Make a coin vanish from your spectator's closed hand!
Place an American half dollar and a Mexican centavo style coin (a copper color coin) in a spectator's hand. Close their hand, reach in and remove the half dollar. Now "invisibly" remove the copper coin. Of course, the spectator will insist that the copper coin is still in their closed hand.But when they open it, the copper coin has, in fact vanished- and has changed to an American quarter!
Completely mechanical and quality made from a real US half dollar.
Comes with instructions, gimmicked coin set (you supply the real American quarter) and Bang Ring for resetting the coins. For more instruction on the handling and routines for this coin set, see the Scotch and Soda Book.
Lost your Bang Ring or Centavo coin? We also carry the replacement Bang Ring or the replacement Centavo coin.
SAVE! Buy the Scotch and Soda coin set with the Scotch and Soda Secrets Revealed DVD here.
You supply an ordinary U.S. quarter.It is strongly recommended that you carry and store this coin set separately from regular money, in a pouch or a Coin Carrier (available from MagicTricks.com) so that you don't spend it by mistake.
You can choose to change the copper coin to a US quarter, or you can change it into any similar size coin, such as a Susan B Anthony dollar coin, etc. If you are going to repeat the trick, it is fun to do it the first time with a quarter, and the next time with a gold color coin, like a Sacagawea dollar (you can purchase these at a coin shop).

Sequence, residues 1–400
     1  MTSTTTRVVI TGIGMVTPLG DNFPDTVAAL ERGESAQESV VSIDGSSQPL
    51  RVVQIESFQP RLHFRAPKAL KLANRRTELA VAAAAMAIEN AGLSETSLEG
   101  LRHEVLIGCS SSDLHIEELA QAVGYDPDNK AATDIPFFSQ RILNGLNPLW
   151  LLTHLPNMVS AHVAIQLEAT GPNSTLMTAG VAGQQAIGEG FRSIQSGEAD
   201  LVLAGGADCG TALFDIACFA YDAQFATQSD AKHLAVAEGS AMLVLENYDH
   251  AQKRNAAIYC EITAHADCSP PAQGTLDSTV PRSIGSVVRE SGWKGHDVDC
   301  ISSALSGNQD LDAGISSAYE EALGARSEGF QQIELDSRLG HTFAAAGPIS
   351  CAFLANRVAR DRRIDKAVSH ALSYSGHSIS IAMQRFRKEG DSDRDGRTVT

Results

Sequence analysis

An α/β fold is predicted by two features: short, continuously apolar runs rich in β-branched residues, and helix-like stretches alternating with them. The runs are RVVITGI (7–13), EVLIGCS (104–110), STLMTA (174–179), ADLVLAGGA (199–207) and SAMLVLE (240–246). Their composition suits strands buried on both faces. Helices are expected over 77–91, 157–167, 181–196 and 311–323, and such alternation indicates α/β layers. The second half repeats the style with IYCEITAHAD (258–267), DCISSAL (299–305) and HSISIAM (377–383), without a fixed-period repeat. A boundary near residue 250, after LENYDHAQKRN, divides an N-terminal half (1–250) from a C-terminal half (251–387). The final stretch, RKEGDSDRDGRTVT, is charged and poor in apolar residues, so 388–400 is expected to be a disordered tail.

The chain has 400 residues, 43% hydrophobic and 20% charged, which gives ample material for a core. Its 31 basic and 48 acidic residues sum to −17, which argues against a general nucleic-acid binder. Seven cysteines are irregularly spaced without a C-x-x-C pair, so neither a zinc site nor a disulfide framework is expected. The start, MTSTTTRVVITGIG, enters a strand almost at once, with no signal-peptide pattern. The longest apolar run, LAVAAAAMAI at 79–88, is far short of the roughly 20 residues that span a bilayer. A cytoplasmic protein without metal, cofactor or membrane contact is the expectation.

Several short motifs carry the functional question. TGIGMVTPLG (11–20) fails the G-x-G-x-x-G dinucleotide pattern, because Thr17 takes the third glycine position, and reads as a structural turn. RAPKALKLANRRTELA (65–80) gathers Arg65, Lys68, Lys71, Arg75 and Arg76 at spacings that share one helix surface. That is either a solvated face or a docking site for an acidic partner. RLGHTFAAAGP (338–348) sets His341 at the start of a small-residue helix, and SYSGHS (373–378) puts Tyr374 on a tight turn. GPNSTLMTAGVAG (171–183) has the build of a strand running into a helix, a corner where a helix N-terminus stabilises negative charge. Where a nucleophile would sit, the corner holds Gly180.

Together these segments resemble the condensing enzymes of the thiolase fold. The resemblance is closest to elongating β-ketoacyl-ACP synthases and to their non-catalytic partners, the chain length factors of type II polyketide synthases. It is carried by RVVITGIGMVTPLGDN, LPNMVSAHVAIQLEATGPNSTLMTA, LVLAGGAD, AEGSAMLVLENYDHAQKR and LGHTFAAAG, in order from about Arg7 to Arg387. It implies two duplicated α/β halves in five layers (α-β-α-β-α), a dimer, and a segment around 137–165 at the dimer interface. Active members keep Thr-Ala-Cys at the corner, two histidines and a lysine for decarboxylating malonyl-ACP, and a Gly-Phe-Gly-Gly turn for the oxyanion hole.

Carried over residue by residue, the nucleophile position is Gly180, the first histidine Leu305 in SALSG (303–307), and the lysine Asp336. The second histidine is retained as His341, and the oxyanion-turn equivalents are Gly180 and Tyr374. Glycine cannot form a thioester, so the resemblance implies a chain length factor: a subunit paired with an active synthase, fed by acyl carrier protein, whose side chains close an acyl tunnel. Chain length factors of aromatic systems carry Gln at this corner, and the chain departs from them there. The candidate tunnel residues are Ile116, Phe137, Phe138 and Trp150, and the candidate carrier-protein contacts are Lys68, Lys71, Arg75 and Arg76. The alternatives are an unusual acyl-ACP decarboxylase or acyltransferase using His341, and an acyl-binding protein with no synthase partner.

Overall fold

Is it illegal to use real US coins to make magic tricks? According to the U.S. Treasury F.A.Q., the answer is- No. It is only illegal to alter a US coin with the intention of spending it as if it were a coin of a different value.From the official U.S. Treasury website: "Section 331 of Title 18 of the United States code provides criminal penalties for anyone who 'fraudulently alters, defaces, mutilates impairs, diminishes, falsifies, scales, or lightens any of the coins coined at the Mints of the United States.' This statute means that you may be violating the law if you change the appearance of the coin and fraudulently represent it [in a monetary transaction in trade for goods or services] to be other than the altered coin that it is. As a matter of policy, the U.S. Mint does not promote coloring, plating or altering U.S. coinage: however, there are no sanctions against such activity absent fraudulent intent."
Interested in magic history? Visit our free online Magic Library, full of biographies of famous magicians plus lots of magic history and trivia!
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